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How to Protect Your Information from Facebook Scams

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Any user of Facebook has heard of the scams. We have all gotten the messenger warnings that are, in themselves, scams about the latest Facebook hack. With so much misinformation swirling around, how do we keep ourselves safe on Facebook?

Keep up with the latest scams going around. Keeping abreast of the latest scams can be quite a job. Still,  it is smart to pay attention to what is happening in the world of social media. Avoid Facebook scams by knowing what to look for:

Scam 1

One popular scam that has been around for a while is that a scammer gets just enough information from close contact to make a look-alike profile. They then contact you, hoping you won’t realize it is a fake profile. The hook is that they generally have some money that is owed to you. The catch is that you need to pay them an upfront fee for whatever made-up reason.

Alternatively, they may require you to reveal personal information by clicking on a link to fill out an application, etc. That may seem easy to spot, but when you have hundreds of Facebook friends, more people fall for the scam than you would think. What if you were in the job market, and this “friend” had an inside lead for your dream job? They are just sending you the application so they can push it through for you. They are hoping that you will trust them because they are someone you know.

What to Do:

The adage, if it seems to good to be true, it probably is, definitely applies here. Look carefully at the profile. You can probably easily see that your friend has an entirely separate profile. If you are still unsure, reach out to them via phone. Never agree to send anyone money or information over Facebook messenger. Report the Facebook scams account to Facebook and let your friend or family member know about the fake account using their name.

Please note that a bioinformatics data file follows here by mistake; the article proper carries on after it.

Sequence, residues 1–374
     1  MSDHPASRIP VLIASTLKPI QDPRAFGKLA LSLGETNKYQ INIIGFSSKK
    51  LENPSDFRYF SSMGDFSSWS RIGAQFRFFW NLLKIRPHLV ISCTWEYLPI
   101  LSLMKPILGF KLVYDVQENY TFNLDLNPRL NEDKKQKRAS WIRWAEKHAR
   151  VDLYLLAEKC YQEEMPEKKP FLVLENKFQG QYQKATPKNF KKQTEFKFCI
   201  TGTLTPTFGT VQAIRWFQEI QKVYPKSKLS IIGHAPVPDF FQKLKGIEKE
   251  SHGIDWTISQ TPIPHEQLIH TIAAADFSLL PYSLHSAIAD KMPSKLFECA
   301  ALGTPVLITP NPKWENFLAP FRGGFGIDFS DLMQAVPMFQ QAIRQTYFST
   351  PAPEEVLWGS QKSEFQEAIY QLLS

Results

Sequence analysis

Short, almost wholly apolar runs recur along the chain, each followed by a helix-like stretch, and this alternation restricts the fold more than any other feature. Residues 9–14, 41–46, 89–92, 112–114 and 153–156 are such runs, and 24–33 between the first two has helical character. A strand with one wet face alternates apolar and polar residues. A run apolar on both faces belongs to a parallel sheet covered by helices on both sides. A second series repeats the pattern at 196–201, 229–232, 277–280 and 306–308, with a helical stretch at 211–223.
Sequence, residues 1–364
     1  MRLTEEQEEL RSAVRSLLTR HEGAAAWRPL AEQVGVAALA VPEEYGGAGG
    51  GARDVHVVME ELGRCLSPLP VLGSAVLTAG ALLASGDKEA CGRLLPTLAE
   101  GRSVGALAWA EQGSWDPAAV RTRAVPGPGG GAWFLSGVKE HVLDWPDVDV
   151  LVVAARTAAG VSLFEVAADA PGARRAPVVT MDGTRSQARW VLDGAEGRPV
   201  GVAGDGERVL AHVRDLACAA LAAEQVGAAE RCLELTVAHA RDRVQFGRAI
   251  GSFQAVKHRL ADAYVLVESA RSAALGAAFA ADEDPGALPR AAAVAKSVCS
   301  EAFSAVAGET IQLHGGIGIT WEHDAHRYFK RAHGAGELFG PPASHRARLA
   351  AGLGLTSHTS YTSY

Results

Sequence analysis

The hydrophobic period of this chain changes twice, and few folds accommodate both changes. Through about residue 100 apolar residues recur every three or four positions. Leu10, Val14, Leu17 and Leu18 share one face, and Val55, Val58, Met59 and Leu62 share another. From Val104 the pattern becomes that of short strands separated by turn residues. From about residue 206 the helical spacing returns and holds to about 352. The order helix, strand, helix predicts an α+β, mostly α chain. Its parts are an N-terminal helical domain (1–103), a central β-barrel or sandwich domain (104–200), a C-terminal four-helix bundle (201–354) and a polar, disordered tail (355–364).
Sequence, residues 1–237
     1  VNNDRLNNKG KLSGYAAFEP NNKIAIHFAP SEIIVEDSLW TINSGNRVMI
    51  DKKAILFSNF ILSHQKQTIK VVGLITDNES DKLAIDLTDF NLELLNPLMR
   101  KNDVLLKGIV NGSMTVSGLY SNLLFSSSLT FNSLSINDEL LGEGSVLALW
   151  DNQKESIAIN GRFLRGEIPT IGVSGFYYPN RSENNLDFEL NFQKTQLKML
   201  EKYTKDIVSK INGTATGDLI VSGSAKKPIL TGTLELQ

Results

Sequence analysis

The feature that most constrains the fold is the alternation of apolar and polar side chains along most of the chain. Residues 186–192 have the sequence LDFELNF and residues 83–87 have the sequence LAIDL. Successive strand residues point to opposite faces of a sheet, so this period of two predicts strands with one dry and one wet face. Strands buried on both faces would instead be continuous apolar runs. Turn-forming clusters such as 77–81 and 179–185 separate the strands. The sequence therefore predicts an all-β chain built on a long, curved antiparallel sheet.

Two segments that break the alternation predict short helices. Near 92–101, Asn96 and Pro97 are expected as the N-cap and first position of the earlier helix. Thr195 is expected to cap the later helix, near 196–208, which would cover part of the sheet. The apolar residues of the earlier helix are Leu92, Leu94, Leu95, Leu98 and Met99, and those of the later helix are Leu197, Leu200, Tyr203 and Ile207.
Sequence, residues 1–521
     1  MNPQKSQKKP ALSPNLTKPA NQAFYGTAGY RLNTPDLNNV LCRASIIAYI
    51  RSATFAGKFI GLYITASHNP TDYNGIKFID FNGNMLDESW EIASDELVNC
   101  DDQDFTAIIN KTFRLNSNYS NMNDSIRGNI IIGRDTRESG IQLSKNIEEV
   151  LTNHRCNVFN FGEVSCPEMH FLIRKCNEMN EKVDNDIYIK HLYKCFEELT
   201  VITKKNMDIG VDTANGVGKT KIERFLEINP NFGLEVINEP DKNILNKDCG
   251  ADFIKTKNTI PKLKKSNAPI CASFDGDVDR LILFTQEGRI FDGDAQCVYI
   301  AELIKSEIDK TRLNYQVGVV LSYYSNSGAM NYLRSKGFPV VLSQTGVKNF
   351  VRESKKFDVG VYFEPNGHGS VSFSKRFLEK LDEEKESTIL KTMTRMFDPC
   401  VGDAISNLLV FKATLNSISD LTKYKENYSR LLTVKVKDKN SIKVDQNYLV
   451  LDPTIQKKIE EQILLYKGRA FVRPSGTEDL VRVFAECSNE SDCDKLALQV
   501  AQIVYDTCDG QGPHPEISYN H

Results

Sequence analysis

Scam 2

A friend’s behaviour or Facebook mannerisms seem odd.  Even if you haven’t gotten a new friend request from them, they message you and don’t seem like themselves. Be especially wary if they are asking for money or private information. Hackers can steal passwords, log into someone’s account and then hit up their contacts for money for emergencies, a sick dog, etc.

As with the above scam, contact your friend or family member away from Facebook. If you cannot reach them, and they are stating it is an emergency, then ask something only your friend would know. If they hesitate to answer, you know you are dealing with a scam.

What to do:

The advice here is the same as when a scammer creates a fake profile. Let your friend know their account is compromised. Consider posting it on your wall, warning other friends as well. Notify Facebook immediately.

Also Read: Sophisticated Online Scams People Fall for Daily

Scam 3

Someone leaves you a message with a vague, but panic-inducing message. Something like “I cannot believe he posted that picture of you,” with an embedded link. Do not click the link. The odds are good that it is malware or spyware. Clicking will give it access to your device and your account. You can check your social media accounts yourself if you feel concern that someone posted something inappropriate.

What to do:

You need to notify Facebook about the fake account. Delete the message, and do not be tempted to click the link.

These and many other scams routinely make their rounds on Facebook. If you have children or older people in your family who use Facebook and may not be savvy about these things, let them know what to look for. Be a resource, ask them to please check with you before they click on links in messages or ever consider sending money to anyone. Unfortunately, scammers are hoping to connect with the most vulnerable people.

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